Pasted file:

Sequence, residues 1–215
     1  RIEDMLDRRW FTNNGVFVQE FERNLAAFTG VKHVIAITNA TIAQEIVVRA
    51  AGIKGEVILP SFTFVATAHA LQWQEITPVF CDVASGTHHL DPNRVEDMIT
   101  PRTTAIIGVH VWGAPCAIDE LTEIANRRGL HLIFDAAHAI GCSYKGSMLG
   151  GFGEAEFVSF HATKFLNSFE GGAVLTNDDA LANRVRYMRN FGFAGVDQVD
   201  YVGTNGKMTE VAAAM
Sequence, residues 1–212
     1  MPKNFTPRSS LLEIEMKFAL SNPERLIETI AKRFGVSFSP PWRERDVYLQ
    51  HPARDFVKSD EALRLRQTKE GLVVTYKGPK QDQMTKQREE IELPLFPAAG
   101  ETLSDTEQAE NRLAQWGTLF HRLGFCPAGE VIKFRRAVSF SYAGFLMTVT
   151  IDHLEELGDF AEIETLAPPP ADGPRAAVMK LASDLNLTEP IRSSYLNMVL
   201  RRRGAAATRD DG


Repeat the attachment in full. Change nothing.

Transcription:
Sequence, residues 1–215
     1  RIEDMLDRRW FTNNGVFVQE FERNLAAFTG VKHVIAITNA TIAQEIVVRA
    51  AGIKGEVILP SFTFVATAHA LQWQEITPVF CDVASGTHHL DPNRVEDMIT
   101  PRTTAIIGVH VWGAPCAIDE LTEIANRRGL HLIFDAAHAI GCSYKGSMLG
   151  GFGEAEFVSF HATKFLNSFE GGAVLTNDDA LANRVRYMRN FGFAGVDQVD
   201  YVGTNGKMTE VAAAM
Sequence, residues 1–212
     1  MPKNFTPRSS LLEIEMKFAL SNPERLIETI AKRFGVSFSP PWRERDVYLQ
    51  HPARDFVKSD EALRLRQTKE GLVVTYKGPK QDQMTKQREE IELPLFPAAG
   101  ETLSDTEQAE NRLAQWGTLF HRLGFCPAGE VIKFRRAVSF SYAGFLMTVT
   151  IDHLEELGDF AEIETLAPPP ADGPRAAVMK LASDLNLTEP IRSSYLNMVL
   201  RRRGAAATRD DG